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    Trail Shoes!


    Hey iRun readers – hope everyone had a great summer of racing!  This time of year always brings back memories of cross-country running in high school and university for me.  The crisp autumn air and the changing color of the leaves certainly makes it the ideal time of year to get out and do some trail running.  I figured this would be a great time to go over some differences between trail shoes and regular running shoes and whether or not they’re worth the extra money.

    Probably one of the most obvious differences between trail shoes and regular running shoes is their more rugged structure.  Trail shoes often have re-enforced upper materials in order to protect your feet from poking sticks and rocks.  In addition, trail shoes often have a much higher density mid-sole material in order to alleviate bruising from below from rocks and roots.  I would debate that these features don’t necessarily reduce the risk of ankle sprains however these are definitely valuable features to have if you have more sensitive feet that feel bruised after a run on the trails, or if you are looking for something more durable.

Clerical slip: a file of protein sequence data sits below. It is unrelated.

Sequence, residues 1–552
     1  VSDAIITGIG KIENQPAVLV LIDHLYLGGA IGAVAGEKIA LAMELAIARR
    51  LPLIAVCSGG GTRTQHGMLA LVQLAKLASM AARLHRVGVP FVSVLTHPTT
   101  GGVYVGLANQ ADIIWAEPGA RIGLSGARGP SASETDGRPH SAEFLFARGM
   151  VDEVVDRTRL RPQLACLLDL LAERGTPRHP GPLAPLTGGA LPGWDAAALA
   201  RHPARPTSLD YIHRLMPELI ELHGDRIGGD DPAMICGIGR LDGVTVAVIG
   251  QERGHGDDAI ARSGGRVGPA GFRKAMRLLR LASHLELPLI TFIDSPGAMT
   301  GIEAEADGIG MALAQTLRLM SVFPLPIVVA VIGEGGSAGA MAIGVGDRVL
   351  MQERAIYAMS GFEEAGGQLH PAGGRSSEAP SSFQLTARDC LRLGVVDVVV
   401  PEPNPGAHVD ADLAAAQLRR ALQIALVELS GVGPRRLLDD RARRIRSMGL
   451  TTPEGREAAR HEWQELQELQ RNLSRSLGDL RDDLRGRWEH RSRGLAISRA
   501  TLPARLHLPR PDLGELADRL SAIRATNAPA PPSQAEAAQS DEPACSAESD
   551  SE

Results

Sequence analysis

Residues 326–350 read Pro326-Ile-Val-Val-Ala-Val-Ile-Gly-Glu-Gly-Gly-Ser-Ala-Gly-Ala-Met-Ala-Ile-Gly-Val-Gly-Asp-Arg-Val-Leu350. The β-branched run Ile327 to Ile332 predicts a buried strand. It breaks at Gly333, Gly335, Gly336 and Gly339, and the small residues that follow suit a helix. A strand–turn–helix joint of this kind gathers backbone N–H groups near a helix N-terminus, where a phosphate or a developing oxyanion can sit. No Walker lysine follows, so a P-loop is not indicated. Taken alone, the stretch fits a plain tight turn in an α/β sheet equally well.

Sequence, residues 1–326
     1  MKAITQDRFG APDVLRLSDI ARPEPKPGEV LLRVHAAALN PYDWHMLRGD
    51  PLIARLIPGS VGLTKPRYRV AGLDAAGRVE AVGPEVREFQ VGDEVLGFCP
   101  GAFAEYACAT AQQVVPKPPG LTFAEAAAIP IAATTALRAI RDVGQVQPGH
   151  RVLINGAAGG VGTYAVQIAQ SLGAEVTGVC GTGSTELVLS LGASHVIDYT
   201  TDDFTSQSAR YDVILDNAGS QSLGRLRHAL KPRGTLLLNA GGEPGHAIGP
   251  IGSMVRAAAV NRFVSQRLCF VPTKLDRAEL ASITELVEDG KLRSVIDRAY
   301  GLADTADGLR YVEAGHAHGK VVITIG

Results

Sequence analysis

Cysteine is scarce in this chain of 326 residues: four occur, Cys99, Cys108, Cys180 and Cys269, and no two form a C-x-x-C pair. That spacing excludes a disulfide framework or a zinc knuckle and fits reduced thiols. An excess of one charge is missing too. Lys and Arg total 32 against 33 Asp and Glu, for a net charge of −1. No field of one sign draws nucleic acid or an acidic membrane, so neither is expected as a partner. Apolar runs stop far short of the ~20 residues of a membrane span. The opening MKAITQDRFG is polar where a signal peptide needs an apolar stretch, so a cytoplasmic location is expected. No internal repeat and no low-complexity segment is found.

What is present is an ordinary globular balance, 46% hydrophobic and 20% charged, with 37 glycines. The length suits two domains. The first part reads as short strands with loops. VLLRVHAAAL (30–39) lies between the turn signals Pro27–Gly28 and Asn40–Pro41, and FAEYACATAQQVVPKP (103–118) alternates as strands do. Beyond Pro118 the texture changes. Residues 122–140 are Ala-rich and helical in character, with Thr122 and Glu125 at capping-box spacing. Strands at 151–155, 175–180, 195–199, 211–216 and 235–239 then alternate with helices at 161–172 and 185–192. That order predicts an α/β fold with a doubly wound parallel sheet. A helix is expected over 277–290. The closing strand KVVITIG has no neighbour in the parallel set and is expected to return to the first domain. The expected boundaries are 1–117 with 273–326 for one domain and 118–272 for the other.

The main downside that I see to trail shoes is their lack of specific support with respect to the various foot types.  Because the majority of trail shoes are neutral, certain foot types may run into problems due to their lack of specific motion control.  In addition, because trail shoes are often heavier and stiffer, they don’t always work so well running on harder surfaces.

    My general suggestion to most people asking whether or not to make the switch to trail shoes is to stick with their regular running shoes.  This way you have a familiar, comfortable fit that should work well on the majority of trails.  That being said, for those looking for extra durability or a little more protection from the elements, trail shoes can certainly offer that extra level of protection.

    Happy trails!

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